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Thursday, April 01, 2021

Review: The Pope of Physics - Enrico Fermi and the Birth of the Atomic Age

 I picked up The Pope of Physics as an audio book when it was on sale.  One of the classic interview question types during technical interview is the Fermi estimation problem. But other than that, I realized I didn't know very much about Fermi, so a biography would be well worth reading.

This biography of Fermi turned out to be educational in more ways than just learning about his contribution to physics and how Fermions were named after him. Not only did it cover the rise of physics from being a backwater of intellectual progress (there were more professorships of Math in Italy than there were professors of Physics) to the forefront of war, it also covered the way the rise of fascism in Italy was ignored by high social ranking families who thought they were immune. Fermi's wife, Laura Capon was Jewish, and her father was a (retired) admiral in the Italian Navy and a war hero. Because they thought they were protected, they were complacent about the semitism that was on the rise in Italy at the time. By the time Fermi realized he had to flee, it was almost too late --- he eventually used the Nobel prize ceremony (he won one in 1938) as an excuse for him and his family to visit Stockholm and London and then ran away to the United States. The lesson I take from this is that if you're not a Nobel prize winning physicist and the country you live in is about to turn fascist (and you're not a member of the ruling party), you absolutely cannot wait until the last minute to take precautions and plan to escape.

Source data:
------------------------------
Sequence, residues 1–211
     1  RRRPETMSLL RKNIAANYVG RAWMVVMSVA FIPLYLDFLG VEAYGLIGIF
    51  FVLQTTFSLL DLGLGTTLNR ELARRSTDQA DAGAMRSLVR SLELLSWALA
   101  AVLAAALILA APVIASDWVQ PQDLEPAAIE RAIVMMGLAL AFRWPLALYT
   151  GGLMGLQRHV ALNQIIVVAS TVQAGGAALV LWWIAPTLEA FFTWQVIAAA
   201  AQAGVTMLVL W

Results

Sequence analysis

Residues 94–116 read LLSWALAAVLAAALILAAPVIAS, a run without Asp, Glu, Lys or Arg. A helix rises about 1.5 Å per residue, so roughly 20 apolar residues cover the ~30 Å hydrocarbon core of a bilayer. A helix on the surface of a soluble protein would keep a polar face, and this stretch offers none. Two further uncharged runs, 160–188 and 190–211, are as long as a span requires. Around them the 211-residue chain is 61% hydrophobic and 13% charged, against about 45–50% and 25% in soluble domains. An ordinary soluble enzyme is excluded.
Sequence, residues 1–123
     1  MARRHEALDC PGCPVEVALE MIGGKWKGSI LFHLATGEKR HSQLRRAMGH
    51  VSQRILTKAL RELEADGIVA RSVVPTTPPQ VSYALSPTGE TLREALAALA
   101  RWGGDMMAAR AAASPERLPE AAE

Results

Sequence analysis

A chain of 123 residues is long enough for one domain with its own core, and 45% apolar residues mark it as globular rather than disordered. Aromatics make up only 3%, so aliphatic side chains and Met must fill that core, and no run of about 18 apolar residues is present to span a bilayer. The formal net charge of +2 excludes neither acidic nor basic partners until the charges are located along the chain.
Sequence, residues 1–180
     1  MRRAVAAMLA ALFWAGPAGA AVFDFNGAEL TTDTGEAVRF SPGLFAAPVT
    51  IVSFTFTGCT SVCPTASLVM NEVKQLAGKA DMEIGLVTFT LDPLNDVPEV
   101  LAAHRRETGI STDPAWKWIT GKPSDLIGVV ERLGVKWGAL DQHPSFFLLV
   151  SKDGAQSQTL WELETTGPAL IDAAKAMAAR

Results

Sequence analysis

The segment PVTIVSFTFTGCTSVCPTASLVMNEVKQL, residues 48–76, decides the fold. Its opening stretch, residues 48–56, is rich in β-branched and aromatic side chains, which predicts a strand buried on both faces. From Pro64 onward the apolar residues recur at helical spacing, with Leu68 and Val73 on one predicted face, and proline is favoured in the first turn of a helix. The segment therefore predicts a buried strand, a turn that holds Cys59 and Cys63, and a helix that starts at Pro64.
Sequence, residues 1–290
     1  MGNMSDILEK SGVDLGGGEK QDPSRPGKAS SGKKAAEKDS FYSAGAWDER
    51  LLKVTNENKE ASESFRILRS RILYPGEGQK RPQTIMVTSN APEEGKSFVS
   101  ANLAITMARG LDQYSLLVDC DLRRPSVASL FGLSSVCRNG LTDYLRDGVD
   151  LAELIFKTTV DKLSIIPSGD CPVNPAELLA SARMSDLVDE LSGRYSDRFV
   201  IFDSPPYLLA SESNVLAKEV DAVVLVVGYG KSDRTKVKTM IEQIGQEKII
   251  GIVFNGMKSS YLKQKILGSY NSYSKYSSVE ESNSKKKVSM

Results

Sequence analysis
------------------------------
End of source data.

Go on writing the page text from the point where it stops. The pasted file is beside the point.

One would think that after that intrusion of politics into Fermi's personal life would make him more of a political activist, but Fermi truly was a physicists' physicist, happy to make statements about how physicists don't have any special insight about how atomic bombs should or should not be used. In fact, when the hydrogen bomb was initially proposed by Teller, Fermi voted against pursuing it because he and others spotted flaws in the proposed implementation. When a revised implementation plan was proposed, he was so taken by the technical implications that he happily joined in against the effort!

All in all, the book does a great job in providing the context behind an amazing thinker (including many examples of how he was at the same time a theoretical physicist, an experimental physicist, and a teacher --- all of which he did well), as well as a good idea of what it took for him to do this --- his children grew up estranged from him, as he spent more time with his students and experiments than with his children.

Well worth the time. Recommended.

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